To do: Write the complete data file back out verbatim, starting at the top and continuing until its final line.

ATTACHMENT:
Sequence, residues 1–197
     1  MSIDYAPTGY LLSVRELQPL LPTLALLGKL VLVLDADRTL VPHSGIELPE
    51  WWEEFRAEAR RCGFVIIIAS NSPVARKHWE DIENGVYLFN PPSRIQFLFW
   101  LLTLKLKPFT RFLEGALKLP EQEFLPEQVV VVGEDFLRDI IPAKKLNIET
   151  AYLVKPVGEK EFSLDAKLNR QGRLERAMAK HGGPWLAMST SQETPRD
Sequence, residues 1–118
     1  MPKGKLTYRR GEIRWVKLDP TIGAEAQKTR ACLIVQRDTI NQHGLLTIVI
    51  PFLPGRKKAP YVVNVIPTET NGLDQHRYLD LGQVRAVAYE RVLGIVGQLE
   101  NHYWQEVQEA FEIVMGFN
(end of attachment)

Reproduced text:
Sequence, residues 1–197
     1  MSIDYAPTGY LLSVRELQPL LPTLALLGKL VLVLDADRTL VPHSGIELPE
    51  WWEEFRAEAR RCGFVIIIAS NSPVARKHWE DIENGVYLFN PPSRIQFLFW
   101  LLTLKLKPFT RFLEGALKLP EQEFLPEQVV VVGEDFLRDI IPAKKLNIET
   151  AYLVKPVGEK EFSLDAKLNR QGRLERAMAK HGGPWLAMST SQETPRD
Sequence, residues 1–118
     1  MPKGKLTYRR GEIRWVKLDP TIGAEAQKTR ACLIVQRDTI NQHGLLTIVI
    51  PFLPGRKKAP YVVNVIPTET NGLDQHRYLD LGQVRAVAYE RVLGIVGQLE
   101  NHYWQEVQEA FEIVMGFN